6) Mr Iqbal confirmed that he had not obtained the comments of the applicants' previous advisers in relation to the inappropriate advice the applicants said they had been given. Mr Iqbal sought to explain that he had not filed the appeal to the First-tier Tribunal but had only been instructed after the appeal was listed.

7) Section 85 of the 2002 Act sets out the general rule that in an appeal the Tribunal may consider evidence about any matter which it thinks relevant to the substance of the decision, including evidence which concerns a matter arising after the date of the decision. This general rule is, however, subject to exceptions set out in section 85A, inserted by the UK Borders Act 2007, section 19. Exception 2 in section 85A applies to an appeal under the Points Based System, which these appeals were. Where Exception 2 applies the Tribunal may consider evidence adduced by the appellant only if it was submitted in support of, and at the time of making, the application to which the immigration decision related (subject to certain limited exceptions which are not relevant to these appeals). Accordingly, in terms of section 85A the judge was not entitled to consider as evidence the English language test certificate adduced by the appellant after the application was made. Although the judge referred to the concept of "flexibility", no authority was put before us which would have entitled the judge to consider this evidence, even under the case law at that time. Accordingly we are satisfied that the judge erred in law by considering as evidence the English language test certificate.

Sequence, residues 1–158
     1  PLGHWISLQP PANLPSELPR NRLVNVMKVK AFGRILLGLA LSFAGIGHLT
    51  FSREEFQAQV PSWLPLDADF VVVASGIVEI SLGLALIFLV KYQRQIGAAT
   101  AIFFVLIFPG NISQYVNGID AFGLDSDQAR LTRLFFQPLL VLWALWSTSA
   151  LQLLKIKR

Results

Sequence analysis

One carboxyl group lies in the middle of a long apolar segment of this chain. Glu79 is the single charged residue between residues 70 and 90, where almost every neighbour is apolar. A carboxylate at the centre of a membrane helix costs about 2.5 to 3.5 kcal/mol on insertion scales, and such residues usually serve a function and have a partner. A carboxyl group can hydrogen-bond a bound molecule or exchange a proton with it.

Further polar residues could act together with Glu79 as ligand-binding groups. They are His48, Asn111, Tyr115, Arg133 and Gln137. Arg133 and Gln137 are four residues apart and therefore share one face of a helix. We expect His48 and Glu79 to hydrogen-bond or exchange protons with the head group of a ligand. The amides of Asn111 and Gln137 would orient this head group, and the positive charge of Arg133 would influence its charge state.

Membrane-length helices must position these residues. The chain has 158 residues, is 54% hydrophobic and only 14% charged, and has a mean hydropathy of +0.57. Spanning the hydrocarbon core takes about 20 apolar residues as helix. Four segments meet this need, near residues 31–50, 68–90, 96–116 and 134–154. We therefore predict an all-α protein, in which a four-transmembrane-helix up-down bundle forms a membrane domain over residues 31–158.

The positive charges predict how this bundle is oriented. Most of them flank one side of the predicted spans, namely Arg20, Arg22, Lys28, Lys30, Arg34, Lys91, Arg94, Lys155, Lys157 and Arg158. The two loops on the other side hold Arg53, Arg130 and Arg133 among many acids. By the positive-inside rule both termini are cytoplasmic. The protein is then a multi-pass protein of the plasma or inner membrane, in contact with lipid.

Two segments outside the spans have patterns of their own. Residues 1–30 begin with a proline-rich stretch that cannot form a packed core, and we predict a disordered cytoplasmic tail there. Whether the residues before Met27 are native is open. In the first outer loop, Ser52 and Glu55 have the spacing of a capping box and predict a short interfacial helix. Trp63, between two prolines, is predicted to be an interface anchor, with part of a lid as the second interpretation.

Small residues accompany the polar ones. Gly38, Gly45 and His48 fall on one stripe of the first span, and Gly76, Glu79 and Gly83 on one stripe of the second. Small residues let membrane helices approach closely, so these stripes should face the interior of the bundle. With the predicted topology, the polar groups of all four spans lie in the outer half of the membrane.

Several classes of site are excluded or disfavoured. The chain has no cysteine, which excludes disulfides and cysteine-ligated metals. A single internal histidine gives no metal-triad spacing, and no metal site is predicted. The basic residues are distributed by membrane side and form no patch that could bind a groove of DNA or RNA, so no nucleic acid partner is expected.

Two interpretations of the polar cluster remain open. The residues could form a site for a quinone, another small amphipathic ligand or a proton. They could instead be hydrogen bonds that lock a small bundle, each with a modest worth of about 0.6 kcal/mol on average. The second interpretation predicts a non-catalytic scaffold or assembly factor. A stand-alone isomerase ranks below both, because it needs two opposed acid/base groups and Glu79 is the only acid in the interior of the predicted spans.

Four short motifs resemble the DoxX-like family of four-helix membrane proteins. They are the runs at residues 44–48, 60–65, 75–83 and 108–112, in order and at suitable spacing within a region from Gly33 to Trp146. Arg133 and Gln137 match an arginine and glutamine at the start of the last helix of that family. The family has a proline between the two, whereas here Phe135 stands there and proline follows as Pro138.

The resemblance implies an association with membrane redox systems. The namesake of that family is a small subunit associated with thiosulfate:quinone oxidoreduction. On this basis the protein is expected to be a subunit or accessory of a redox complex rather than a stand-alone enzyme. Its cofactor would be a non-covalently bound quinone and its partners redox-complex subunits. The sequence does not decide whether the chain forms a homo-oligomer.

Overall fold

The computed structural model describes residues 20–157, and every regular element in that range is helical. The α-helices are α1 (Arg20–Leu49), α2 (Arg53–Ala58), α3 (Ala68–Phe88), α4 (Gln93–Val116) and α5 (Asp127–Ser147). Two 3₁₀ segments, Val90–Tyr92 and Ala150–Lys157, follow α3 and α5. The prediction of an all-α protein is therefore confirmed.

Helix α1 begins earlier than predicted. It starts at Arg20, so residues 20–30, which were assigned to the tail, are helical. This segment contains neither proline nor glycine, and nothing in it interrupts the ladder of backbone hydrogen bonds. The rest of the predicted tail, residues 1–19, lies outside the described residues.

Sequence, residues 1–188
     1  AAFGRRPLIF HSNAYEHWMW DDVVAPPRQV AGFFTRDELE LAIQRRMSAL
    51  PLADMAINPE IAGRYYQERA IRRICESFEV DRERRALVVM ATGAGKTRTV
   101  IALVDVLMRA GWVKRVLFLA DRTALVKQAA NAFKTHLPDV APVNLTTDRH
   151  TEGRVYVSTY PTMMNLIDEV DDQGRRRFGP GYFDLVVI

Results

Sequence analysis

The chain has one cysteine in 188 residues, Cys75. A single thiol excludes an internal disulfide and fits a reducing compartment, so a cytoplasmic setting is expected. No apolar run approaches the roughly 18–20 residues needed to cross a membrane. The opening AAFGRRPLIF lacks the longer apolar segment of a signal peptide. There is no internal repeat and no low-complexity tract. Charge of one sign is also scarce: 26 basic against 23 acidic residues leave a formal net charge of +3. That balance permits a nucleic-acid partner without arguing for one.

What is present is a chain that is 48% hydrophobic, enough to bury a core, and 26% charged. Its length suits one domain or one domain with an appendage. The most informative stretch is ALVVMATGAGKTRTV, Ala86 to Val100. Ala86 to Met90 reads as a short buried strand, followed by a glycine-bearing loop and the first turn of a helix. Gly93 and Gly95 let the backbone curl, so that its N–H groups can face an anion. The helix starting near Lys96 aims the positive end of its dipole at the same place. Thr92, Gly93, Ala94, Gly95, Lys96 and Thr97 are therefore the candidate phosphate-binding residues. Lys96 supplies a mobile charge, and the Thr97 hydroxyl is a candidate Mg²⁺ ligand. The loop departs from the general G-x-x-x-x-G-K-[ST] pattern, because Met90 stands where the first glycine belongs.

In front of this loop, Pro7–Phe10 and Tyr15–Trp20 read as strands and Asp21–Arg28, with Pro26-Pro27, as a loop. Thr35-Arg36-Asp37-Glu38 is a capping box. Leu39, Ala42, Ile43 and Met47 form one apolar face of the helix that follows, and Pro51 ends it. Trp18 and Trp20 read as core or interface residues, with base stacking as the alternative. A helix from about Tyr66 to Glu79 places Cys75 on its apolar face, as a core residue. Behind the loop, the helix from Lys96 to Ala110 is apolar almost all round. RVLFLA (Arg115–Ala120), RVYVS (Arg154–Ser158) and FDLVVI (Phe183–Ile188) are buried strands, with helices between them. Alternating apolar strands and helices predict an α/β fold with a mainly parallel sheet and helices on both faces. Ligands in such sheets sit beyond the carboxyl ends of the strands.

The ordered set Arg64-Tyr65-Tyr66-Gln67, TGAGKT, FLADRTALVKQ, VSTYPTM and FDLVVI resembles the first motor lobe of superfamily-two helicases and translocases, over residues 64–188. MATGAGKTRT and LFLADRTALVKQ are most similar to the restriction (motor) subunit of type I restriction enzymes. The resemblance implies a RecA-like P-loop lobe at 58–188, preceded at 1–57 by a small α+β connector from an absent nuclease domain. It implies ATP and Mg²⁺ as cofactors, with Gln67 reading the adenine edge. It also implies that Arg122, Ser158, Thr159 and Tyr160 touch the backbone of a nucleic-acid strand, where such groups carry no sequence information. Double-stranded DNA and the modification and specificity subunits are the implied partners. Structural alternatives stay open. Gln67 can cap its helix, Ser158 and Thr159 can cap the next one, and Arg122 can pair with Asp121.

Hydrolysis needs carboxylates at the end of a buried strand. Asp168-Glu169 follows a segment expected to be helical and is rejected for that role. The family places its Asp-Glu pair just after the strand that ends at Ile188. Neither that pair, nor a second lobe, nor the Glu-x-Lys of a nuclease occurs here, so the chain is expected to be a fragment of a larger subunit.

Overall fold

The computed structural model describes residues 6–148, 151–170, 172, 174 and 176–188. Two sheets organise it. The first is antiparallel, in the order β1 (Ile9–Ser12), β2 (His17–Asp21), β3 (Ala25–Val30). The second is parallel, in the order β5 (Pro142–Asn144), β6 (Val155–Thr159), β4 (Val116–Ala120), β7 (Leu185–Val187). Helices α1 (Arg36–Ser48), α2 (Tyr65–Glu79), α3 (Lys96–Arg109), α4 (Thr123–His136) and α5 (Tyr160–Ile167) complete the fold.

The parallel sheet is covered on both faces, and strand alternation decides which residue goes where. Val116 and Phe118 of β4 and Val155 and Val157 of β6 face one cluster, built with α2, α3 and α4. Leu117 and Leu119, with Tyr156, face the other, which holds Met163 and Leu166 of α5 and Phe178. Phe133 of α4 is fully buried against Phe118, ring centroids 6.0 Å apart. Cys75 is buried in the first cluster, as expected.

8) We are further satisfied that the judge erred in relation to Article 8 by not giving adequate reasons for his decision. The judge further erred in his treatment of the criticism made by the applicants' of their previous legal advisers.